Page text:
After graduating from film school, New York Film Academy Directing Instructor Craig Ross, Jr. moved to Los Angeles, where he formed his own production company Asiatic Associates (ASA). From there he went on to direct a number independent films, his first being the film Cappuccino (1998). His other film credits include Blue Hill Avenue (2001), Ride or Die (2004), Motives (2004) and The Mannsfield 12 (2007), the first film that was released through MySpace.com.
Since 2004, he has also had a career in television, directing episodes of Strong Medicine, Cold Case, Standoff, Crossing Jordan, The 4400, Lincoln Heights, K-Ville, Prison Break, Bones, Numb3rs and NCIS: Naval Criminal Investigative Service.
Coming from such an extensive background in directing for both film and television, Ross’ on-set knowledge enables him to provide answers and solutions to a number of problems or difficulties that may arise on student film sets. “My work history makes it virtually impossible for me not to be able to answer, from a place of first hand knowledge, any question the students may have,” says Ross. “I’ve done just about everything they’ve thought of doing. So I can definitely help guide them down certain paths from a place of confidence.”
As experienced as Ross is in the world of directing, he admits that teaching at the New York Film Academy and working with students has been eye opening in terms of his own learning experience. “It may sound like a cliché, but I get as much education from my students as they get from me. So the experience has expanded me as a filmmaker and as a human being.”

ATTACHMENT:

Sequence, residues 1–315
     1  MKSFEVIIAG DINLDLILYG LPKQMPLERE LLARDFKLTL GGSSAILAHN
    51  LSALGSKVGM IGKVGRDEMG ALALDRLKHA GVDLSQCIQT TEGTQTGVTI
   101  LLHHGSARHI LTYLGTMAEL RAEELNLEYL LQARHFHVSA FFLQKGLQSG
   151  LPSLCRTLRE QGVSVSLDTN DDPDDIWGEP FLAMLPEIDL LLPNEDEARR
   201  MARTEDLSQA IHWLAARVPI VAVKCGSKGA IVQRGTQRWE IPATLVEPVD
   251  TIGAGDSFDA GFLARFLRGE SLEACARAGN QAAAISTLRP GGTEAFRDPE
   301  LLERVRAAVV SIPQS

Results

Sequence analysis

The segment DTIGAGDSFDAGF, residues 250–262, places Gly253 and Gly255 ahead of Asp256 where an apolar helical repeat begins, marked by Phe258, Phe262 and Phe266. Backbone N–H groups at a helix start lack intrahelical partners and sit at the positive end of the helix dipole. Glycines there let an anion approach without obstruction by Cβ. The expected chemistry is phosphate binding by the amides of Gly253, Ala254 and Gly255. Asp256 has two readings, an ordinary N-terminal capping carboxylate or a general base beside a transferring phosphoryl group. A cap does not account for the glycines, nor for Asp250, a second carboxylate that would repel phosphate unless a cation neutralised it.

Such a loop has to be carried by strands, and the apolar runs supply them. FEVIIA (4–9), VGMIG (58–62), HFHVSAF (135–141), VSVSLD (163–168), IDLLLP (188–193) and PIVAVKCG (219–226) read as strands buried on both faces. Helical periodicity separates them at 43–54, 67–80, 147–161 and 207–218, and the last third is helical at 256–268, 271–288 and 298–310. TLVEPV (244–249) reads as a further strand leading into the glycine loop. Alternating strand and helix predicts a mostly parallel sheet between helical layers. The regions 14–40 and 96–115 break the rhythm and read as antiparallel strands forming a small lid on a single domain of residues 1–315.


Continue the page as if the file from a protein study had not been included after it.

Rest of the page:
In addition to his work in the classroom and on students’ sets, Ross runs NYFA’s Industry Lab, which provides students with real world experience while still in school. The production entity utilizes instructors and students to produce projects outside of the school for clients that are in need of a production services. The lab is the brainchild of the Chair of Diversity, Cheryl Bedford, who first introduced Ross to the Academy.
To date, the Industry Lab has worked with Warner Bros. to film a concert series. We were hired as the production company to shoot the summer concert sessions for the record label’s new artists. We’ve also filmed a music video for top selling Uk artist DJ Rusko. Just recently, we shot an interview with Denzel Washington at the Pan African Film Festival, and are currently working on several other commercial projects for outside clients.
Ross’ strongest piece of advice for his students and others looking to break into television is more clear today than ever before — social media!
In the digital age, everything is about branding, and today branding can be done for very little money. Simply put, my advice for anyone wanting to be in TV, is to build an audience (crowd funding is a great way to do that) and create a web series. Create partnerships with the project — if it has a social issue attached to it, partner with a corresponding organization.
Market through social media using your partners social media marketing as amplifiers to get your product seen. The more hits you get, the more visible you are to Hollywood. Web series are a direct path to tv series — all you need is the branding.
For starters, you can share your projects with us by tweeting @NYFA or using #NYFA. We’re always catching some fantastic projects from students and alumni, and are never shy in sharing your incredible work!